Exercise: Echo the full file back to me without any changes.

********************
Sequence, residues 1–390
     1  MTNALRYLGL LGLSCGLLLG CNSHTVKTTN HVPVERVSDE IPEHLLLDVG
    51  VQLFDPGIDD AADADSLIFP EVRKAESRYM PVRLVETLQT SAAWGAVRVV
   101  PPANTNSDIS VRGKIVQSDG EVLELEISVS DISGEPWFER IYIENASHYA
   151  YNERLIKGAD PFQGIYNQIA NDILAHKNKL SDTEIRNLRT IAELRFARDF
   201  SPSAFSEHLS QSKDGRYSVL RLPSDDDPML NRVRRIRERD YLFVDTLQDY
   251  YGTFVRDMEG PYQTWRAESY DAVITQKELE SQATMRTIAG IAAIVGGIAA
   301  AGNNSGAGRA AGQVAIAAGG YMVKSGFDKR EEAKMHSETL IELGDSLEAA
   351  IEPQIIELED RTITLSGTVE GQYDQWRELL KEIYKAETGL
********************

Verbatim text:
Sequence, residues 1–390
     1  MTNALRYLGL LGLSCGLLLG CNSHTVKTTN HVPVERVSDE IPEHLLLDVG
    51  VQLFDPGIDD AADADSLIFP EVRKAESRYM PVRLVETLQT SAAWGAVRVV
   101  PPANTNSDIS VRGKIVQSDG EVLELEISVS DISGEPWFER IYIENASHYA
   151  YNERLIKGAD PFQGIYNQIA NDILAHKNKL SDTEIRNLRT IAELRFARDF
   201  SPSAFSEHLS QSKDGRYSVL RLPSDDDPML NRVRRIRERD YLFVDTLQDY
   251  YGTFVRDMEG PYQTWRAESY DAVITQKELE SQATMRTIAG IAAIVGGIAA
   301  AGNNSGAGRA AGQVAIAAGG YMVKSGFDKR EEAKMHSETL IELGDSLEAA
   351  IEPQIIELED RTITLSGTVE GQYDQWRELL KEIYKAETGL